Like you, I’d be interested to hear if there is any official advice from our friends in Cupertino. But I suspect that they realise that if you factor in some types of ‘power users’ that their usage patterns would invalidate The Rule for them. And then you’d have to have two (or even more) rules and, well, it just starts to get messy…

Melissa Holt

Hey Laura,

I can’t really comment, honestly, as I’ve never used Backblaze. But I’ve had incredibly excellent customer support from CrashPlan, for what it’s worth. grin

—Melissa

Melissa Holt

Hey Gary!

Boy, you have no idea what kind of conversations you’ve started over here at Camp Melissa. A friend of mine got interested in this discussion and started doing some searching, too, and there’ve been some fascinating arguments made. I really do thank you for bringing this up!

The aforementioned pal found this link (http://pondini.org/TM/30.html) from the great Pondini, who points this out:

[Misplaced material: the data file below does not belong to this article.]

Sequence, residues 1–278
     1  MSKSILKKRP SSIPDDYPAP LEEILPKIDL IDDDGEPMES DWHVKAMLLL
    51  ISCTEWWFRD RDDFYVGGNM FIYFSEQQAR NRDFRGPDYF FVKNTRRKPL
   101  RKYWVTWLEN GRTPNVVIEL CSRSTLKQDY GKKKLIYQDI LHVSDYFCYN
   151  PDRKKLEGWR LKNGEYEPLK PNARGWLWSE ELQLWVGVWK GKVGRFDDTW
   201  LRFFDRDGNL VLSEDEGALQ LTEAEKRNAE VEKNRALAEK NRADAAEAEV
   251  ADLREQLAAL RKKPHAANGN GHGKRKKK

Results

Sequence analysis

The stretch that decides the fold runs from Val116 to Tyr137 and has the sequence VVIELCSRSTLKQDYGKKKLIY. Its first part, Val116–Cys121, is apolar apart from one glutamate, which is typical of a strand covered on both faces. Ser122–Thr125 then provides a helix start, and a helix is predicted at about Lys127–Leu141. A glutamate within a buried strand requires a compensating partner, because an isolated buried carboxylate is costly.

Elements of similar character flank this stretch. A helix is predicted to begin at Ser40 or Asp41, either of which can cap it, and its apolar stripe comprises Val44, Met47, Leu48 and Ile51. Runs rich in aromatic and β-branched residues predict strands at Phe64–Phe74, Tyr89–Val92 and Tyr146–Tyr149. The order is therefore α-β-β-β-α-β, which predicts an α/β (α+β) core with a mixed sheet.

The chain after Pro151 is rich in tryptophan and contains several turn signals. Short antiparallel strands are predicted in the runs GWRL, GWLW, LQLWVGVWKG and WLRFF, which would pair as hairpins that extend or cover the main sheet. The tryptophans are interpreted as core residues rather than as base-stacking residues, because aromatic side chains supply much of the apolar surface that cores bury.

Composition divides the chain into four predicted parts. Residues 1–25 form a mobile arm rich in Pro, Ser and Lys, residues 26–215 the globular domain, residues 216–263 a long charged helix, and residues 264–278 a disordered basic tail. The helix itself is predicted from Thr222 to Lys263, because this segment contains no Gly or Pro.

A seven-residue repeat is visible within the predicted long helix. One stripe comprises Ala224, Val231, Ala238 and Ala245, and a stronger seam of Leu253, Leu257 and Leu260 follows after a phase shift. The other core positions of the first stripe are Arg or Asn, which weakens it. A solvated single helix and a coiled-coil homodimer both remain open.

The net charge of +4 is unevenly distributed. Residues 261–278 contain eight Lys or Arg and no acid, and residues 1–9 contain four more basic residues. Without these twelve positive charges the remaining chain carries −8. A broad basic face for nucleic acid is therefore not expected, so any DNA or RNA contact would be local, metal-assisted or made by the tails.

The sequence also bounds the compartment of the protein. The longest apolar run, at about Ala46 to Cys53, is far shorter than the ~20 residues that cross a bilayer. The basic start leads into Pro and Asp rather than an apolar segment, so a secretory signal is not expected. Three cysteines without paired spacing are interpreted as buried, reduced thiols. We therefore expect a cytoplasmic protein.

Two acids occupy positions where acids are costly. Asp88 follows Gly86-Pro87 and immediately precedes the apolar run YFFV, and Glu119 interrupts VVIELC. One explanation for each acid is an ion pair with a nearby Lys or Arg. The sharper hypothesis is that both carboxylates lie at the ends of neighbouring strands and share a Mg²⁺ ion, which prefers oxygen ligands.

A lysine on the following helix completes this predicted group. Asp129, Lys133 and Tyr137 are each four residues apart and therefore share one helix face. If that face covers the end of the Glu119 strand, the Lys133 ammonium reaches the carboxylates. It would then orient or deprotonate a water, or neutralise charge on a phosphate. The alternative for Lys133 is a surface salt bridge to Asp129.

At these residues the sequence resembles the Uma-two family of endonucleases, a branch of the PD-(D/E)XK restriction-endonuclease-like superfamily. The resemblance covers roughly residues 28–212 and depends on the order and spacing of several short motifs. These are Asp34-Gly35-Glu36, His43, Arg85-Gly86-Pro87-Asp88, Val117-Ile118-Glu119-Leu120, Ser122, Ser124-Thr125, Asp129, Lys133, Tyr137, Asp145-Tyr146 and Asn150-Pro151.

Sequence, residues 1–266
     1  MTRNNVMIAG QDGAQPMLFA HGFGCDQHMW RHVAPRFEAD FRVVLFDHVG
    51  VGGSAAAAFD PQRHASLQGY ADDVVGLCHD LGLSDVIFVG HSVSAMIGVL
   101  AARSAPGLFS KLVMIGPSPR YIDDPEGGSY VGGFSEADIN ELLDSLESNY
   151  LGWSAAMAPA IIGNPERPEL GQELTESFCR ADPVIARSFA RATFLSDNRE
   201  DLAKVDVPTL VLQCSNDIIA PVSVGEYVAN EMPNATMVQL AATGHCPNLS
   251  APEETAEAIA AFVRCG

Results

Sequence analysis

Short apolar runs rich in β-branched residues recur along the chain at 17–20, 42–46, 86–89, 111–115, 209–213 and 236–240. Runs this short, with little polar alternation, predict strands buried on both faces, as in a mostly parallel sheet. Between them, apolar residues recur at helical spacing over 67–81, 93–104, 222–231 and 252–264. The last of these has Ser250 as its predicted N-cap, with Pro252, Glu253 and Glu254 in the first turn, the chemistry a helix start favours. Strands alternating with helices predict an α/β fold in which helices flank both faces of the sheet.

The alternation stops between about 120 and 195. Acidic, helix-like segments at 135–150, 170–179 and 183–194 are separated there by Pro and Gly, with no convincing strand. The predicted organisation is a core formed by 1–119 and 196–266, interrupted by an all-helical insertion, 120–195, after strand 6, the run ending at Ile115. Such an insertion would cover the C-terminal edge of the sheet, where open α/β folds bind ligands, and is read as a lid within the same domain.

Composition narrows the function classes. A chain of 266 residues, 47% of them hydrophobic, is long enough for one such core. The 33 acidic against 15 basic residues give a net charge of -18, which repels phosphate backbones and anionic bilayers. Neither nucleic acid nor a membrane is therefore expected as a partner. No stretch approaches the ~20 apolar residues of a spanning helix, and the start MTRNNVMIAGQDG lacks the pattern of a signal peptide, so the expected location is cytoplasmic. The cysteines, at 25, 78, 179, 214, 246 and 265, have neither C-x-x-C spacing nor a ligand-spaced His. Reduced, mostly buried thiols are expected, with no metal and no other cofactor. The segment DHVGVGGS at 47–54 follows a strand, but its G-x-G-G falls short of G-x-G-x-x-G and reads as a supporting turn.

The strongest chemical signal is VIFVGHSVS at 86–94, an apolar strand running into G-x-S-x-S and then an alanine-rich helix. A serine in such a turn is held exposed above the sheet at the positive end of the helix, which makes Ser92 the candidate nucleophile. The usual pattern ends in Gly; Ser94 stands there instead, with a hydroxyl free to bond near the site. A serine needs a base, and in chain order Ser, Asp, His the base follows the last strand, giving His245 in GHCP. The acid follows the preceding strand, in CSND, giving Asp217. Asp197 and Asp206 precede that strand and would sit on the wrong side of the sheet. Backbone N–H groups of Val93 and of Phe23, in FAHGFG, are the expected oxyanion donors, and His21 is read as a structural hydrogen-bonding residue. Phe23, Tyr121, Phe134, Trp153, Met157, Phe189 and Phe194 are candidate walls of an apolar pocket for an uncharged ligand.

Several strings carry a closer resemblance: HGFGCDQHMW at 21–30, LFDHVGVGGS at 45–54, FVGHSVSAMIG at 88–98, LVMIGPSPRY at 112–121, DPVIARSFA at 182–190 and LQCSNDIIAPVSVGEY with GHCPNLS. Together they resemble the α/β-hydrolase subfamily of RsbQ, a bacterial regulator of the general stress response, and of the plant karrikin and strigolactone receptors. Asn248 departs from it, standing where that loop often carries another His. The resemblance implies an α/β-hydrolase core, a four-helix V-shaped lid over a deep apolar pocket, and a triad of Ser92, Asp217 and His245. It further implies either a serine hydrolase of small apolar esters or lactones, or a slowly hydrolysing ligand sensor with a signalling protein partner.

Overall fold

“Local snapshots require space on your internal HD […] but only if there’s at least 20% free space: Time Machine will delete some or all as necessary, and make no new ones, if the drive gets over 80% full.”

So that’s a good reason to make sure that at least 20 percent of your drive is free—Time Machine apparently won’t make any new local snapshots if that much isn’t available. This doesn’t prove anything in our current discussion, really, but I thought it was interesting. And thus far, it’s the closest I’ve been able to come to any sort of well-sourced advice on why percentages are important. Short of some random dude on the Apple forums saying so, that is!

I think I like “Gary’s Trusted 30/20/10 Generalised Rule of Hard Disk Capacity Management” better than “Melissa’s 30/20/10 Rule.” It’s just…catchier. Snazzier. Let’s go with that, no matter what we find out. :D

And for what it’s worth, I hereby authorize—nay, insist—that you get a new iMac soon. grin

—Melissa

Gary LearnTech

Hey Melissa, it’s you-know-who again, back for more! I’m really glad I’ve challenged your assumptions (in a positive way)!  grin

Aha! After a couple of clicks, that useful Pondini page led to this official Apple page, which offers up the first absolute value we’ve some across, 5GB, though only after first working through woollier, relative values. And it uses the 5GB in conjunction with 10%, choosing whichever is the lower value.
“OS X Mavericks: About local snapshots”
http://support.apple.com/kb/PH14329